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re­leased 11 Oc­tO­ber 15 | 93 min­utes

Di­rec­tors Guil­laume re­nard, sho­jiro Nishimi

Cast Michael chik­lis, Gian­carlo esposito, Jorge Gutier­rez, dascha Polanco

This is a fun­da­men­tally slight but en­joy­able ac­tion­movie com­edy in an­i­ma­tion, whose blood-splat­tered shoot-outs go hand in hand with a good sense of hu­mour.

The film’s set in a scuzzy, graf­fiti-daubed city in an al­ter­nate Amer­ica. Some char­ac­ters look hu­man, but the main duo – a pair of like­able young­sters – have heads that look re­spec­tively like a bowl­ing ball and a Ghost Rider flam­ing skull. No one in the film re­ally cares about their ap­pear­ance, so pre­sum­ably we’re not meant to care that much ei­ther.

The kid with the bowl­ing­ball bonce starts see­ing peo­ple cast mon­strous shad­ows. Soon, he’s be­ing chased by Men in Black. The story has touches of John Car­pen­ter’s They Live!, but the op­por­tu­ni­ties for class war satire are dis­ap­point­ingly passed up. The film’s only ma­jor fe­male char­ac­ter re­sem­bles an an­ime school­girl; the big­gest clue that this is a Ja­panese/ French co-pro­duc­tion (from a French comic).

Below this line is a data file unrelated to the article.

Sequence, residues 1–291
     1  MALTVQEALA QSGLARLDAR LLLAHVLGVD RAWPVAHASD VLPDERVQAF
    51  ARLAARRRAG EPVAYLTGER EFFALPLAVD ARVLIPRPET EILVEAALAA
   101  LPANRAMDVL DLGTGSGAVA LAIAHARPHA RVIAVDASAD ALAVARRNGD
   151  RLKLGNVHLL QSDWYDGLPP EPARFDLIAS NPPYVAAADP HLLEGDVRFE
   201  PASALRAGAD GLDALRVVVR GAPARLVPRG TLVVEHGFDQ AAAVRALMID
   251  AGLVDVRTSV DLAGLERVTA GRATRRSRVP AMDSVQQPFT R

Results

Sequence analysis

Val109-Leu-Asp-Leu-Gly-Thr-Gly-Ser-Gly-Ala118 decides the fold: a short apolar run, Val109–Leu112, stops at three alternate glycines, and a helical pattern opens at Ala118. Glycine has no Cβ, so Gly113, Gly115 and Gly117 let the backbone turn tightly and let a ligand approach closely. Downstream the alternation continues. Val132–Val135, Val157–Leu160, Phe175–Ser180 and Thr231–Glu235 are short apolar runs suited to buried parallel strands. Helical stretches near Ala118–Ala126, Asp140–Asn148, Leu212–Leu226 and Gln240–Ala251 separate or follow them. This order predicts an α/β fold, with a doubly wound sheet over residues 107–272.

The same an­ime stu­dio made an­other ur­ban fan­tasy, Tekkonkin­keet. Both fling their flat-look­ing char­ac­ters through three-di­men­sional streets and al­ley­ways, though the chases and shoot-outs get mo­not­o­nous. Still, MFKZ ben­e­fits from its sweetly unas­sum­ing leads, who you end up car­ing about far more than you do most ac­tion he­roes. An­drew Os­mond

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